That’s why I celebrate others who dream as well, and when I can, try to encourage the dreams of anyone I’m able to. Even if I’m not involved and have absolutely nothing to gain from their growth, I enjoy witnessing the process of success transpiring for others. In fact, that’s my favorite kind of dreaming: when it allows me to meet someone on their pursuit, or when they meet me on theirs.
Someone like Kevin Madrigal—a young poet and community cook from South San Francisco—whose debut poetry chapbook, Hell/a Mexican, is forthcoming with Nomadic Press. I dream for him and what he is embarking on, from the moment he reached out to me as a complete stranger on Twitter. Or Pendarvis Harshaw, a brilliant journalist and mentor from Oakland—whose talented work recently received a lauded Northern California Emmy. I dream for him, too, and what he has been able to generously pass down to me and so many others.
I dream with my friends, and the parents of my students. I dream with other artists and NBA players I’ve never met but watch on my television. I dream with my grandmother-in-law, a former factory worker from Richmond, and I dream with my older brother, a health care employee in Mountain View. I dream with my wife, a high school educator. I dream for my future children.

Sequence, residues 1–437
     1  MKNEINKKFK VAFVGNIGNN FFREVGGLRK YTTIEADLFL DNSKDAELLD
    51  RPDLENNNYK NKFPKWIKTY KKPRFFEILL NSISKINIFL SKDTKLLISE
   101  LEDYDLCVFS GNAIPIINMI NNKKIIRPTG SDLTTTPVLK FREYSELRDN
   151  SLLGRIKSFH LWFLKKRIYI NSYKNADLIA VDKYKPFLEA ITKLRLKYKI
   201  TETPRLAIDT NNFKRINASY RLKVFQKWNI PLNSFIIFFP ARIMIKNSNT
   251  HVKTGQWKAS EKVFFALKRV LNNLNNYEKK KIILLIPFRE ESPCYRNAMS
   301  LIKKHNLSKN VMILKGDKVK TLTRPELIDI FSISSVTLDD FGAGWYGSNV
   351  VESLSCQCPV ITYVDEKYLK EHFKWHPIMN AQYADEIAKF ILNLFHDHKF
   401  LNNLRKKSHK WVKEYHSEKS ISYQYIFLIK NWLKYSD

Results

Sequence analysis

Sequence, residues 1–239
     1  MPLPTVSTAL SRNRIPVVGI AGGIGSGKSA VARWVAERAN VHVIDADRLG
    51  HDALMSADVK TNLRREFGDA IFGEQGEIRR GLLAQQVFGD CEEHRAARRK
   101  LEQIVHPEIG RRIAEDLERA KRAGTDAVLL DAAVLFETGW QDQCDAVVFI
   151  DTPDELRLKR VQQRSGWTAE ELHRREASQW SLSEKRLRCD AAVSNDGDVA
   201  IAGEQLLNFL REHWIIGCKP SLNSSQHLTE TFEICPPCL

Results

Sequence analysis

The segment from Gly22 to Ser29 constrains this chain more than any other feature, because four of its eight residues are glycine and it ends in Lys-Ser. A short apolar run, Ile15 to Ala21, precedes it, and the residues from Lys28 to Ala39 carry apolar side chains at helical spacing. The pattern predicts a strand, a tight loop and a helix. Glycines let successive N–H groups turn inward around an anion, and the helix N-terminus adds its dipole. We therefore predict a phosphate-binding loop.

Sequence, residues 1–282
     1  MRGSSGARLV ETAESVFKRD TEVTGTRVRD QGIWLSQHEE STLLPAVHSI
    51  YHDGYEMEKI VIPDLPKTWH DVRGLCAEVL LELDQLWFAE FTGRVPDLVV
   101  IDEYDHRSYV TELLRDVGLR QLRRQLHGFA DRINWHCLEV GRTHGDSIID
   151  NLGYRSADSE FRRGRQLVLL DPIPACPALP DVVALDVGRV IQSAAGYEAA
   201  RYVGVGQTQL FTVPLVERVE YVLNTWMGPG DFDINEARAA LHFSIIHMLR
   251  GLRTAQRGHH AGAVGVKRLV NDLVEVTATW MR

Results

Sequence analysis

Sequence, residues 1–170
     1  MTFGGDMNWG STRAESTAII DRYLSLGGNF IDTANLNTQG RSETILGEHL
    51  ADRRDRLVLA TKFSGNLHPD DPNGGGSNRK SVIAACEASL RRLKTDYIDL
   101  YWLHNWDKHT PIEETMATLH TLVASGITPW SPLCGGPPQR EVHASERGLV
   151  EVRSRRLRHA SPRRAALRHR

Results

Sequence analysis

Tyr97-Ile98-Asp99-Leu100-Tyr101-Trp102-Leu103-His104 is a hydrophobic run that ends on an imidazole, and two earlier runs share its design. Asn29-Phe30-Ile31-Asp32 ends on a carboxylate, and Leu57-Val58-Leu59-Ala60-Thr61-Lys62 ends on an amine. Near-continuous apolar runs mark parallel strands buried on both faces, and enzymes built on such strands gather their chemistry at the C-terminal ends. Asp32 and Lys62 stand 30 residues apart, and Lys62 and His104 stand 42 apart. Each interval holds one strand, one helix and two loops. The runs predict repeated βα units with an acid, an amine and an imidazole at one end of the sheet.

These are my people, my crew. I might not be tagging a wall with their names on it these days, but I exist by championing their energy and passing it on to others in the form of writing, teaching, traveling, and loving. Because what is the dream of a graffiti artist if not feeling a sense of connection to home? Of attempting to move towards something so large and beyond yourself that it does not yet exist, but perhaps, with enough dedication, will—for you and those around you?
It’s precisely that thrill and tingle that is born inside us, how it can guide itself into bigger gains, not as self-indulgence, but as an act of transference and goodwill to be passed on. It’s the graffiti of my adulthood, the prideful claiming of my people and declaration of powerful intentions through words, movement, shaping, and re-shaping on as many surfaces as possible. And like the realest taggers I know, this hunger never rests, and stays up all night chasing the next metaphorical wall.
Even in 2022, despite the mess that governments and corporations continue to predicate upon us in seemingly endless ways, I dream; I stand up when I see someone else’s name sprayed somewhere I never thought possible, up on a ledge, for everyone to see.
And I’ll never look away from that power.